Thankfully, the Canadiens managed to salvage the two points against the Canucks in the last game of their western swing to avoid a full-scale slide into panic territory. Here are a few notes as they move into the last quarter of the season, and approach deadline day:
-I didn't see the Vancouver game, but a careful review of the highlights and the stats page show a couple of interesting things. First, David Desharnais has some slick, slick hands. Second, Lars Eller is a centreman who plays best in his natural position. Third, Andrei Kostitsyn became the latest winger to be freed from the Gomez line and immediately score a goal.
-Also interesting was the evidence of Jacques Martin's total lack of trust in an offensive system. Going into the third period with a 3-1 lead, which quickly shrunk to 3-2 early on, Martin chose to keep the Desharnais line on the bench for the entire twenty minutes. He decided not to risk a bad matchup, despite the line's scoring the opening goal. It was more natural for him to bench potential offence in favour of throwing up a defensive wall instead. Similarly, given the choice to focus Subban's special teams ice time on the PP or the PK, Martin chose the PK. It was more important for him to defend the Canucks' power play than it was to try and generate goals. It's hard to argue the choice, considering the fact that it did bring in two valuable points. Then again, it's interesting to wonder what the team might do with an offensive-minded coach who played the guys most likely to score the most.
-It was notable that the only puck Carey Price has cared about preserving as a keepsake was the one from his win over Vancouver. A big part of his emotional reaction certainly stemmed from beating his boyhood favourite team in front of a large group of family and friends for the first time. Another source of satisfaction might have been knowing his teammates went the extra mile to get the win for him in a way they might not have in previous years. Price has played very well this season, and has done it with a newfound calm and maturity that's won him the love and respect of his comrades. After the game, he acknowledged their determination to win it for him, and he obviously appreciated it.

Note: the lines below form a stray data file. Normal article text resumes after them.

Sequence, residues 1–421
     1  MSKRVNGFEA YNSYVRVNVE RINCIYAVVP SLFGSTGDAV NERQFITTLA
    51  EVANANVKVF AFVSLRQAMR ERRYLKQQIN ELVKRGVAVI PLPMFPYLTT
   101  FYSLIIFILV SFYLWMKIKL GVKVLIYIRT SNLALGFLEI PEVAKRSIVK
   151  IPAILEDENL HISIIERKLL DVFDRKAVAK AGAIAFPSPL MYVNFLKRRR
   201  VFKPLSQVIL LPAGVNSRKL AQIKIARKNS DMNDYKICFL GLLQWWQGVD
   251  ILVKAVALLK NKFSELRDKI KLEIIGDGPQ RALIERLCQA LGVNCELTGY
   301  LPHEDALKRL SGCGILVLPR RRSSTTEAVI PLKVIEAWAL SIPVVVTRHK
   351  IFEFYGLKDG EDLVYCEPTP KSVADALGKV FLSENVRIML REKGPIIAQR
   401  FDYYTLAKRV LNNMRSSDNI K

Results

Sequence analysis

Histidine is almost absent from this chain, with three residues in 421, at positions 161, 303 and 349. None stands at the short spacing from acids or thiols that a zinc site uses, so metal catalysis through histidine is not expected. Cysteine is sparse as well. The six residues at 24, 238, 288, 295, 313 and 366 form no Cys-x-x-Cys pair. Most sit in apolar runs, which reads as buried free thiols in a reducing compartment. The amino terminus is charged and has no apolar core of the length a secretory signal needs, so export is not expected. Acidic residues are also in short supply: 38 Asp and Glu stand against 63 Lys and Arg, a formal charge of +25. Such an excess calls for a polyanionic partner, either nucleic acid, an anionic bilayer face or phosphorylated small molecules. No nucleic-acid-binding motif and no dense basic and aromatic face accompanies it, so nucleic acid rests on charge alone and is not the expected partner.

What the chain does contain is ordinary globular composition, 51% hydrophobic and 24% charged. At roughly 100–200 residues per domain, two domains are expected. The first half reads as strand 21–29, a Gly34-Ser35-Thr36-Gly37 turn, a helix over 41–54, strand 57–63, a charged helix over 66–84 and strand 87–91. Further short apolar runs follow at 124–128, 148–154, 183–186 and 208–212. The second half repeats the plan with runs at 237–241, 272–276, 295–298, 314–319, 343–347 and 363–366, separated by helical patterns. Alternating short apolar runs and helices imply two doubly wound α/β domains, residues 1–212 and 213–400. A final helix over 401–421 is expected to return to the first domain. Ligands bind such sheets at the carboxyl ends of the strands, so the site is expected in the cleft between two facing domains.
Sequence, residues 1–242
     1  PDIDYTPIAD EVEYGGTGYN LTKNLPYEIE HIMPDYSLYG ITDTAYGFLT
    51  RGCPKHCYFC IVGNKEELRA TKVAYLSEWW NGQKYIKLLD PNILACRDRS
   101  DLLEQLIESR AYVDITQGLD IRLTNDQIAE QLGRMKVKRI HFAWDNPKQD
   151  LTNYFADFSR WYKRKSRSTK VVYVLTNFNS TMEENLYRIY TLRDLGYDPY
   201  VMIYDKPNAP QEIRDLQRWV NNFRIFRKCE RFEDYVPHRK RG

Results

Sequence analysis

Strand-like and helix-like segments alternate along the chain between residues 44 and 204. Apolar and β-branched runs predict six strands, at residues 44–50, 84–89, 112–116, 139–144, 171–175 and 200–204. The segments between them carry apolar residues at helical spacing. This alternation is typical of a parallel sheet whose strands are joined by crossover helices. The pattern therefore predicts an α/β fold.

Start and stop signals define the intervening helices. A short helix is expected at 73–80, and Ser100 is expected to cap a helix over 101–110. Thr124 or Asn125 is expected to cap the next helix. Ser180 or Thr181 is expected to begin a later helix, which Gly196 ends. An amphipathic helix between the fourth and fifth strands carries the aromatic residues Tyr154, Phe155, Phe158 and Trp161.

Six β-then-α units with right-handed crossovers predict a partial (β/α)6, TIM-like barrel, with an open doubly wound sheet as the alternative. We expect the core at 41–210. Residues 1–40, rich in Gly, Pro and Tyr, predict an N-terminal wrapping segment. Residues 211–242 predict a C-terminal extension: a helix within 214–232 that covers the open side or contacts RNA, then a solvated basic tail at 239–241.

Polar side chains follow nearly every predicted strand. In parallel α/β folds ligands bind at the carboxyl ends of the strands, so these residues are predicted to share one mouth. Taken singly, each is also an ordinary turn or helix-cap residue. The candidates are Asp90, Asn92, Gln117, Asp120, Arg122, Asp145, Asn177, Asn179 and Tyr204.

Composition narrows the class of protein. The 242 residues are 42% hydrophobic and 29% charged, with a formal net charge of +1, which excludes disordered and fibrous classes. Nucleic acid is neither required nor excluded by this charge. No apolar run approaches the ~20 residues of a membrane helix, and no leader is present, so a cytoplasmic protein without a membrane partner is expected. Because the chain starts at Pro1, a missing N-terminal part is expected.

-There's lots of talk about the Canadiens picking up a couple of enigmatic Russians before the deadline. Alex Kovalev is a millstone around the Senators' collective neck, and the Flyers are dumping Nikolai Zherdev on waivers. The glow went off Kovalev a long time ago, and even the temptation of having him turn it on one last time for a Canadiens playoff run shouldn't make Gauthier bite. Even a low pick for him would be a waste of an asset. Zherdev would be a better bet. He's younger and, at this point, has the potential to be more dynamic. He's also free, if nobody else claims him first. It's easy to see either of them having trouble fitting into the Martin system, and therefore, the dressing room, though.
-Now that ties in the standings are looming as a distinct possibility, the stupidest new rule in the NHL might come into effect. The first tie-breaker is wins, minus shootout wins. This is unbelievably dumb, because the NHL is only reducing the value of shootout wins for tiebreaking purposes. They still count for two points in the standings and, unless there's a tie, will determine conference placing. For example, if the Canadiens end up tied with the Rangers, the Habs will get the edge because the Rangers' seven shootout wins will be discounted, giving the Canadiens a five-win advantage. Yet, if the Rangers finish eighth and the Canadiens one point behind them in ninth, the Rangers would take the final playoff spot because the shootout wins, in that case, would count. It's absolutely ridiculous. Either shootout wins count the same as any other win, or they don't. The league is just making things more confusing and unfair by devaluing shootout wins only in the case of ties.
-A lot of people are calling for the Habs to dump Andrei Kostitsyn for whatever they can get for him. That would be a mistake. AK is pretty much guaranteed to put up 20 goals a year without even trying. Given a good centreman and a couple of hot streaks, he can extend that to 25-30. That might not be top-line material for a contender, but there's nothing wrong with that kind of production in a second-line winger. How many teams have guys scoring more than that on their second lines? AK is maddening with his inconsistency, but he has value. As fans, we have to stop judging him by his potential and bemoaning what he doesn't bring and accepting what he does bring. Then, if team management decides they can't afford to pay him for that, fine. Dumping him for scraps, though, isn't the best way to manage an asset with marketable value.